The listenership for Star FM competitors, ZBC’s Power FM, declined from 36 percent to 33 percent with ZiFM, another new radio station, capturing 3 percent of the listenership.

The survey also revealed that Internet access had increased from 34 percent to 41 percent while cellphone density increased to 92 percent.

Six percent of Internet users said they used it to access both local and foreign news.
Presenting the results, Research International Bureau managing director Mr Ellington Kamba said the rise in Internet access could explain the drop in newspaper readership.

Herald Editor Innocent Gore welcomed the results of the survey and thanked readers who have stood by the brand while others closed down or are failing to get off the ground.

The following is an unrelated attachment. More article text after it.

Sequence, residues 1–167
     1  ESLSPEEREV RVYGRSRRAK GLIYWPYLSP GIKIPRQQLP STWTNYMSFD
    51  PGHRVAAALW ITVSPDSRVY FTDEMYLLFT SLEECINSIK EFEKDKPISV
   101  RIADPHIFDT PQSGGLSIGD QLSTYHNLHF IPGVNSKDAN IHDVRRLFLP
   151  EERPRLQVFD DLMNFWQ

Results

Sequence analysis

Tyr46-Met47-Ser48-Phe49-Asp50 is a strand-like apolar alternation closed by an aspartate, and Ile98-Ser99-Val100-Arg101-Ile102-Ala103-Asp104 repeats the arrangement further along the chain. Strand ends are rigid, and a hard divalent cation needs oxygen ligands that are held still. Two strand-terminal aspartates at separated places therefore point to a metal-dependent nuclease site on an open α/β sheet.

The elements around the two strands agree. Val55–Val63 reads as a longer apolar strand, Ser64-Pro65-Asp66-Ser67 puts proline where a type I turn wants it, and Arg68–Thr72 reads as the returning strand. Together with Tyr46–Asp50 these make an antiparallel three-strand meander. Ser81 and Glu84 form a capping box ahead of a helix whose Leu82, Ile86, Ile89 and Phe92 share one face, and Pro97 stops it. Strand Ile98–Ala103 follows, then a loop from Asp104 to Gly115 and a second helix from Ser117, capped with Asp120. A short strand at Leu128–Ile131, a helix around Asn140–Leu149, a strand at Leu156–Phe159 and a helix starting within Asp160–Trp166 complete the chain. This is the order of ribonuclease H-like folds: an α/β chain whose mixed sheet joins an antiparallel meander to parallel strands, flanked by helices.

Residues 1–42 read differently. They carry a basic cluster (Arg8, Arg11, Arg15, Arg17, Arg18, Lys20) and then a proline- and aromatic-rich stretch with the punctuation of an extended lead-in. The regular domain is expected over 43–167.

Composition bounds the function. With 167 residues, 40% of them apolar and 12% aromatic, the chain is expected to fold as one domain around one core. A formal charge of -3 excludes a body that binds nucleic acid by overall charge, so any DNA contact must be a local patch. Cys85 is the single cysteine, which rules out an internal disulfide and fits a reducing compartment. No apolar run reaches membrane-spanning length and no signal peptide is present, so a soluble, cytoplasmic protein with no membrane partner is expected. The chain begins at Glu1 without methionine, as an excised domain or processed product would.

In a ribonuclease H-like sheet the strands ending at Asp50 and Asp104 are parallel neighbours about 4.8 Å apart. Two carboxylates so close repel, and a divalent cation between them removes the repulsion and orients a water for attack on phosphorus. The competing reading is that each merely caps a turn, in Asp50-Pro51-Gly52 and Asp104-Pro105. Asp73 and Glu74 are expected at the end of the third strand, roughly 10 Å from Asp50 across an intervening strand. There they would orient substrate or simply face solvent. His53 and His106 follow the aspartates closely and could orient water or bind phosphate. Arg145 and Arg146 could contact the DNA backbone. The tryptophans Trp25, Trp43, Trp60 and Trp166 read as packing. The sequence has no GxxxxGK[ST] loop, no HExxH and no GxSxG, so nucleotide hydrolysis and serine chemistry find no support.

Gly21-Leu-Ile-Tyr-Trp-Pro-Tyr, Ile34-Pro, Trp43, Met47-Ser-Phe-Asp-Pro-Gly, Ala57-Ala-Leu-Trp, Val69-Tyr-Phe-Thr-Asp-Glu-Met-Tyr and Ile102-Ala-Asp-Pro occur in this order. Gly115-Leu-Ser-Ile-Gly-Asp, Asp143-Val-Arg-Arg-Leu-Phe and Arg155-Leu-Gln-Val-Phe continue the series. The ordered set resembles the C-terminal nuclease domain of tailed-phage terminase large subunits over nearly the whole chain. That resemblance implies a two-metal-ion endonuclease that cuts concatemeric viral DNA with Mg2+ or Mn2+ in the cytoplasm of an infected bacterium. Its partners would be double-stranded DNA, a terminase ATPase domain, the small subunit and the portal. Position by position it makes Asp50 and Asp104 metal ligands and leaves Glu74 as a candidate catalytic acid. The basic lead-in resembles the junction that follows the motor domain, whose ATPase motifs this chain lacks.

He, however, expressed concern at the decline in newspaper readership as a result of competition from new media platforms.

The fact that more readers were migrating to the Internet for news, he said, called for innovativeness and continuous improvement in the packaging and presentation of news.

Gore said The Herald is a super brand and would therefore not be found wanting in the face of competition. The paper will continue to be sensitive to readers’ requirements and remain the country’s most influential and informative paper.

“We are happy that we continue to lead the way while others follow. We will, however, not rest on our laurels and we will continue giving our readers value for money and meet their requirements.

“That is why we recently introduced mobile news so that our readers can access quality news from wherever they are on their mobile phones, as long as there is network coverage,” he said.

Research Bureau International carried out the survey on behalf of the Zimbabwe Advertising Research Foundation.